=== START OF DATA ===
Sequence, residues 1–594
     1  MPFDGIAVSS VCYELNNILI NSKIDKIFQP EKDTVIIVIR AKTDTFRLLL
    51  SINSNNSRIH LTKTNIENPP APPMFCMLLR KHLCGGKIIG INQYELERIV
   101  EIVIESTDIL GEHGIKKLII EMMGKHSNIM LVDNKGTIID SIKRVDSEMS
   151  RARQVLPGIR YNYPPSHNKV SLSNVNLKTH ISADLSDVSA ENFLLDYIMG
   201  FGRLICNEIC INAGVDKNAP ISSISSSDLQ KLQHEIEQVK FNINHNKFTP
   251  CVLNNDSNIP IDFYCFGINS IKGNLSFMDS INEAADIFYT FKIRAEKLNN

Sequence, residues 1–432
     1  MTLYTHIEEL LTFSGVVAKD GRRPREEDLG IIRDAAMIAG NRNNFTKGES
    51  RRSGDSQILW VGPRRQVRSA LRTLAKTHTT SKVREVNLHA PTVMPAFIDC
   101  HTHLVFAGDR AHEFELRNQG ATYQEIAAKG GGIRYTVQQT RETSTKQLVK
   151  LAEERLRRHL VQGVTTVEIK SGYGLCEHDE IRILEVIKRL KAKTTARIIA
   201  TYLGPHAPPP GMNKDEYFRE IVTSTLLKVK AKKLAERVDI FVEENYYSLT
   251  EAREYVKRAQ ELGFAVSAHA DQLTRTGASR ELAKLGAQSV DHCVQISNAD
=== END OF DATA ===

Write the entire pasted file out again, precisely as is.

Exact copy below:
Sequence, residues 1–594
     1  MPFDGIAVSS VCYELNNILI NSKIDKIFQP EKDTVIIVIR AKTDTFRLLL
    51  SINSNNSRIH LTKTNIENPP APPMFCMLLR KHLCGGKIIG INQYELERIV
   101  EIVIESTDIL GEHGIKKLII EMMGKHSNIM LVDNKGTIID SIKRVDSEMS
   151  RARQVLPGIR YNYPPSHNKV SLSNVNLKTH ISADLSDVSA ENFLLDYIMG
   201  FGRLICNEIC INAGVDKNAP ISSISSSDLQ KLQHEIEQVK FNINHNKFTP
   251  CVLNNDSNIP IDFYCFGINS IKGNLSFMDS INEAADIFYT FKIRAEKLNN

Sequence, residues 1–432
     1  MTLYTHIEEL LTFSGVVAKD GRRPREEDLG IIRDAAMIAG NRNNFTKGES
    51  RRSGDSQILW VGPRRQVRSA LRTLAKTHTT SKVREVNLHA PTVMPAFIDC
   101  HTHLVFAGDR AHEFELRNQG ATYQEIAAKG GGIRYTVQQT RETSTKQLVK
   151  LAEERLRRHL VQGVTTVEIK SGYGLCEHDE IRILEVIKRL KAKTTARIIA
   201  TYLGPHAPPP GMNKDEYFRE IVTSTLLKVK AKKLAERVDI FVEENYYSLT
   251  EAREYVKRAQ ELGFAVSAHA DQLTRTGASR ELAKLGAQSV DHCVQISNAD